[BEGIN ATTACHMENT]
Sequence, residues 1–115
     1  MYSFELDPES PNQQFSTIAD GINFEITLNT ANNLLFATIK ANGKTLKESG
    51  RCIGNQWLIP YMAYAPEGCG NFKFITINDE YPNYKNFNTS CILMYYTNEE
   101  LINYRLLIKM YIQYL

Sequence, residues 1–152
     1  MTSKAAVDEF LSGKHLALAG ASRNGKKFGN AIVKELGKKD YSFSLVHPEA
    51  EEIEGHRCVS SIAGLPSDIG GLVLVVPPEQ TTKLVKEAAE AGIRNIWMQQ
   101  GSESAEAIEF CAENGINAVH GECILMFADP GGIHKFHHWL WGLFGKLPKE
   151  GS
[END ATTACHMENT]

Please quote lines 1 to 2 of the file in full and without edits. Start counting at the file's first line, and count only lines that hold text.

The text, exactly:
Sequence, residues 1–115
     1  MYSFELDPES PNQQFSTIAD GINFEITLNT ANNLLFATIK ANGKTLKESG